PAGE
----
Wheeler, through Dodge, proposed to purchase a "Tanning Company" judgment. It was well known what judgments of this kind were, that they were of doubtful value and to be sold only for a nominal price. Ward was to sell one. It was well understood that the negotiation was to be made with Ward as owner. The proposition was to buy of Ward a certain kind of judgment, which he was understood, both by the proposer and by Ward, to own, and to which, it was also understood, that the defendant held only a nominal title. What was, in fact, assigned, was a judgment belonging to the defendant, in which Ward had no interest, and not belonging to the class referred to. It is as though A. was a bailor of a horse in the constructive possession of B., a bailee, and C. made a proposition to B. to purchase it as belonging to A., by indicating certain marks upon it which neither the bailor nor bailee remembered. Let it be further assumed, that the bailee signed a bill of sale as having a special property in the animal, and that it turned out contrary to the understanding of all parties that the animal, possessing the specified marks, really belonged to B., and that while meaning to aid in the sale of A.'s horse, and being so supposed by C. to act, B. had really sold his own. Would that be a sale? Do the minds of the parties meet in such a case? Suppose that in the present case, the "Tanning Company's" judgments had been valuable, and the judgment held by Guild, as assignee of Boyden, of little worth, would Wheeler have been bound to take the latter under the same state of facts? The case is one of error as to the subject-matter of the contract. To make a valid contract, the minds of the parties must meet, and both must intend to enter into the engagement expressed by the terms of the contract. ( Dana v. Munro, 38 Barb., 528; Baldwin v. Mildeberger, 2 Hall, 176; Saltus v. Pruyn, 18 How. Pr., 512; Scrantova v. Booth, 29 Barb., 171; Booth v. Bierce, 38 N.Y., 463.) What is done under the supposed contract where there is such an error or mutual misunderstanding that the minds of the parties do not meet, is not binding. ( Fullerton v. Dalton, 58 Barb., 236.) The rule as it existed in the Roman law is well stated in Domat on Civil Law (§ 234), "The covenants in which the persons * * * did not know what was necessary to be known in order to form their engagement, are null. Thus the covenants in which the contractors mistake one another's meaning, the one meaning to treat of one thing and the other of another, are null through the want of knowledge, and of their consent to one and the same thing." The principle of this case closely resembles that of Couturier v. Hastie (5 House of Lords Cases, 673). In that case, a factor sold corn at sea, guaranteeing the performance of the contract by the purchaser. In fact, the corn had been previously sold under regular proceedings on account of its being damaged. The parties to the factor's sale were ignorant of the fact. The purchaser repudiated the sale and an action was brought against the factor on his guaranty. It was decided that the contract contemplated an existing thing to be bought and sold, and, as this was not the case when the sale occurred, there was no liability. So in the present case, the contract contemplated a "Tanning Company's" judgment. As that did not exist, or was not acted upon, which is equivalent, there was no sale. Accordingly, although Wheeler took in form the assignment of another judgment than the one contemplated, as he had no right to it, he became at once a trustee for the defendant. His trust was a naked one, and a court of equity would have required him at once to re-convey to the defendant. He had no real interest whatever in the judgment. As no notice had been given of the assignment to the judgment debtors, there was no embarrassment in obtaining the amount due from them. The plaintiff has no action for damages for this act, unless he can show that he was in some way wronged. No equitable title to the judgment passed, even to the extent of fifty dollars. If Ward received that sum without consideration, the plaintiff may have his remedy against him. If he has any remedy against the defendant, it is not one based on the ownership of the judgment by the plaintiff but on some other theory. If these views are correct, it is plain that the judge erred at the circuit, in refusing to charge as requested by the defendant. These requests were in substance, that if the jury believed that Dodge was acting for Wheeler and had notice of the facts of the transaction, or was acting for Crawford, Wheeler or Fuller or either of them, this notice affected the plaintiff, or if they believed that Wheeler had notice of the facts, this also affected him and that in either case the plaintiff could not recover.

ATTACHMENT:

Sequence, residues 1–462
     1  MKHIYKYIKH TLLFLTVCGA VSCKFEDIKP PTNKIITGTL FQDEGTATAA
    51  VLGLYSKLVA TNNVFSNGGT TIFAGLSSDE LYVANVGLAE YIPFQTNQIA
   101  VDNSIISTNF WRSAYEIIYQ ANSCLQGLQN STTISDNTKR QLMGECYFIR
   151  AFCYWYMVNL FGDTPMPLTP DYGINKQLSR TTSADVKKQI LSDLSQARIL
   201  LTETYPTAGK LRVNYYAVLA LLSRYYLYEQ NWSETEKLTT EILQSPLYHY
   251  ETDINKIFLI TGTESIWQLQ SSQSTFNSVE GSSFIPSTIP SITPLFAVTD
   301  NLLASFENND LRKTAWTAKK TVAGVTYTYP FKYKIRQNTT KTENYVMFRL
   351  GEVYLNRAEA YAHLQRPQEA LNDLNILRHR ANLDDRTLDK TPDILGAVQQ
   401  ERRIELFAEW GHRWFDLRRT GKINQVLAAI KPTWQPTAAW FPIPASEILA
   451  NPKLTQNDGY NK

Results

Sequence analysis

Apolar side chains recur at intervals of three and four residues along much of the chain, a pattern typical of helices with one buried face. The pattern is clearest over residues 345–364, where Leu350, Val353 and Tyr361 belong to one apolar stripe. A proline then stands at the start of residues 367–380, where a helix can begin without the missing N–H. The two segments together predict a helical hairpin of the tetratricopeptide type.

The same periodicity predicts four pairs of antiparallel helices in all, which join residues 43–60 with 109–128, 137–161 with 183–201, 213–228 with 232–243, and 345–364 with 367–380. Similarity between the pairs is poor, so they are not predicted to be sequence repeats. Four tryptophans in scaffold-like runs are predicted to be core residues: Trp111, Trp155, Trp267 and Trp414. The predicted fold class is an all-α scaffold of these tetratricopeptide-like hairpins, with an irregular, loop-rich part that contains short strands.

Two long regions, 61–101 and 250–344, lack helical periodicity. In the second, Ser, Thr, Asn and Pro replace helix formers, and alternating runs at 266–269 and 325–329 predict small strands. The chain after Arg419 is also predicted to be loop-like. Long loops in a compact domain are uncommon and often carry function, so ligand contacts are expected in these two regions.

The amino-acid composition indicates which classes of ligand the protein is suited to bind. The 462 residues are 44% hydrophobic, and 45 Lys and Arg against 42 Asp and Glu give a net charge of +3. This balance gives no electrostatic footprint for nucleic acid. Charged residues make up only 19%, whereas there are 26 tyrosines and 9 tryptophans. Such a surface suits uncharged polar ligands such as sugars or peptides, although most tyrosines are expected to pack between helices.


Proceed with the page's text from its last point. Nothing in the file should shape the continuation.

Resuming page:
For this error there must be a new trial, and it is unnecessary in this aspect of the case, to consider the other questions raised on the argument.

The judgment should be reversed and a new trial ordered.

All concur.

Judgment reversed.

Summaries of

Cutts v. Guild

Court of Appeals of the State of New York
May 1, 1874
57 N.Y. 229 (N.Y. 1874)
Case details for

Cutts v. Guild

Case Details

Full title:THOMAS A. CUTTS, Respondent, v . WILLIAM B. GUILD, Appellant

Court:Court of Appeals of the State of New York

Date published: May 1, 1874


57 N.Y. 229 (N.Y. 1874)